Decoding Jean-Paul Sartre’s The Flies

Condemned to freedom

Mere being and nothingness

I emerge from choice

-(Terence Green)

Much like Jean Anouilh’s adaptation of Antigone, Sartre’s first play, Les Mouches (The Flies), subtly intended to send a message of resistance to the Nazis and the importance of free will. It was first performed on 3rd June 1943 with the permission of the German censorship authorities at the Théâtre de la Cité in Paris. Having acquainted himself deeply with Greek mythology while teaching Charles Dullin’s (whose company managed the play and performance) students, Sartre based the plot on the legend of Orestes, who returns to his native city of Argos and avenges the death of his father, Agamemnon by murdering his uncle, Aegis and his mother, Clytemnestra.

Jean Paul Sartre

A renowned existentialist, at the center of modern philosophy, Jean-Paul Sartre was also active as a political figure protesting in the student’s revolution of 1968. He produced a massive amount of prose during his lifetime and this is perfectly phrased by Annie Cohen Solal as “more than forty works in less than four years”. He experimented with a variety of genres including essays, magazine and journal articles, plays, radio broadcasts, reports, novels, etc on themes of philosophy, politics, ethics, aesthetics, literature, etc. The Flies is a complex play that touches upon multiple themes and issues relevant to the time (and perhaps, event today) in which Sartre wrote the play.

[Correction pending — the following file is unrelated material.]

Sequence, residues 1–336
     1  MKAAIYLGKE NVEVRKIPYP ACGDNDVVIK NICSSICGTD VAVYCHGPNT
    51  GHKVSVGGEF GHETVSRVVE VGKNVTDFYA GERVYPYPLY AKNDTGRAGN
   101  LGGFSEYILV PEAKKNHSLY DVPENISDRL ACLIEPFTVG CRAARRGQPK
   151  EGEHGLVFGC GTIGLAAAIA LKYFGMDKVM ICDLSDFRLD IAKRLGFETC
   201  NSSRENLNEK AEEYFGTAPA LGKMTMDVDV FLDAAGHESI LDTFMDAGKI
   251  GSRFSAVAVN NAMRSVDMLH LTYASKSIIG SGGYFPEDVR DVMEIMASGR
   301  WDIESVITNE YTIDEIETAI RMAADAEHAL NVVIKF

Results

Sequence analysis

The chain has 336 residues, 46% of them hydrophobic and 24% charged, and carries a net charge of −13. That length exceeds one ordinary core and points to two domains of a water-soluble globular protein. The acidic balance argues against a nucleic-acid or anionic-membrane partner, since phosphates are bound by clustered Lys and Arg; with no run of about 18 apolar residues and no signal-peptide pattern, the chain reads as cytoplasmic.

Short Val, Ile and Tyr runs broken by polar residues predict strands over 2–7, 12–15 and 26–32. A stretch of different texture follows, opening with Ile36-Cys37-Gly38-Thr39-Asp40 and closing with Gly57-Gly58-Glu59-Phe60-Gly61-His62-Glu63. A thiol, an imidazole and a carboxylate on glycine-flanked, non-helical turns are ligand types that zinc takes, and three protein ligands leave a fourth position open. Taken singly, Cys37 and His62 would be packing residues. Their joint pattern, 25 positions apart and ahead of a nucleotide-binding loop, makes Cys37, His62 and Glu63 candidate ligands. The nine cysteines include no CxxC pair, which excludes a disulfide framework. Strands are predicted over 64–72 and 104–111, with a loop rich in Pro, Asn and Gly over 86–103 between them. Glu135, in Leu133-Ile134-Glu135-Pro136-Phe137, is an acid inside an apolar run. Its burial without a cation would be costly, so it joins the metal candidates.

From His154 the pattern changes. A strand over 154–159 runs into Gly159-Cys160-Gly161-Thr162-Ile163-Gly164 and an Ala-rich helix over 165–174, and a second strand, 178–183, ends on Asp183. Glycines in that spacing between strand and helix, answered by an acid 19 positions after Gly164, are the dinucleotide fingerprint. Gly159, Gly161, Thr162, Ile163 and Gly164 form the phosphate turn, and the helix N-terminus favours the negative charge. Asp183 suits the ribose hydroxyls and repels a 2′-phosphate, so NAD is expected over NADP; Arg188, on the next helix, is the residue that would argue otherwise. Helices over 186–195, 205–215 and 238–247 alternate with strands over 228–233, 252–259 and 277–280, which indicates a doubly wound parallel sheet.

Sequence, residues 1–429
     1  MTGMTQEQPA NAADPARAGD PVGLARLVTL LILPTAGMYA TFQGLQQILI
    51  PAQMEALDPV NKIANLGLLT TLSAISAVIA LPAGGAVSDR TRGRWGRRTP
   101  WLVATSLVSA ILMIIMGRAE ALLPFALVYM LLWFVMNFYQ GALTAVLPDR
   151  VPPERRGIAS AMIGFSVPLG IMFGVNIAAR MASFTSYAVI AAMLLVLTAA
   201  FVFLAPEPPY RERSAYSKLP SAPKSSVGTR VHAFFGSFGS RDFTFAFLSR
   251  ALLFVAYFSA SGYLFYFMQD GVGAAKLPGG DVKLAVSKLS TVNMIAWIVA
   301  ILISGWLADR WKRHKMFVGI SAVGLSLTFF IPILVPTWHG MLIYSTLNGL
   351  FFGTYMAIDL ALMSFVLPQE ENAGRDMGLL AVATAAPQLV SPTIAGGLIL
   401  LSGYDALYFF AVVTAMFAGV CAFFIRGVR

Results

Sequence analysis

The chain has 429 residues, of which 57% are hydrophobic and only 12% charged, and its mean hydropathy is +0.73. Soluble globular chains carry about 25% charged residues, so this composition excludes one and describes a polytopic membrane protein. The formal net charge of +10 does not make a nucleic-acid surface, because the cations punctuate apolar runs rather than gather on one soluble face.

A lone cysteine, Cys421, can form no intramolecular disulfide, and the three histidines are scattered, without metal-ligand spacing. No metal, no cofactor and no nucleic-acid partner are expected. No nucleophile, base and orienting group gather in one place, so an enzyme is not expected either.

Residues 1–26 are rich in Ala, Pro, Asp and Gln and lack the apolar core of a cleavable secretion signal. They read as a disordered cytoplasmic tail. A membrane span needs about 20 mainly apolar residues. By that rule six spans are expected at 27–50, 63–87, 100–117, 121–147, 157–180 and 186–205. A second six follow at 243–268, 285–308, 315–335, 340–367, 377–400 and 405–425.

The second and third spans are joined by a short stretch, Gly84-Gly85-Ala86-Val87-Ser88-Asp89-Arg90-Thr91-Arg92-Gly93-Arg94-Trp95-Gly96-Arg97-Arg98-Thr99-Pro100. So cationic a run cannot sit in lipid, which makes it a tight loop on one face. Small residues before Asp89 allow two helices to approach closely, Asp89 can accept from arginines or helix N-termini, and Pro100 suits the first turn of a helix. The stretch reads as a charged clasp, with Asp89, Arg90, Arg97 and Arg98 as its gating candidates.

The first act is concerned with Orestes’ arrival into Argos with his Tutor and his encounter with Zeus as well as his own sister, Electra and Clytemnestra, his mother. The themes in the first act had an immediate significance for the audience who saw the play at that time. The Vichy government would tell the people that the defeat of 1940 was inevitably a punishment for the ‘French way of life’ which according to them represents frivolity and godlessness and that they must be ready to atone for their sins. Their policy received, in part, the support of the Roman Catholic Church which was represented in The Flies as religion collaborating with the temporal powers in Argos in order to maintain the ‘moral order’ which was the motto of the Vichy regime. In fact, Orestes’ discontent with the cosmopolitan education he had received and the way it distanced himself from his native country, reflected Sartre’s view that the intellectual must take sides, when Orestes says,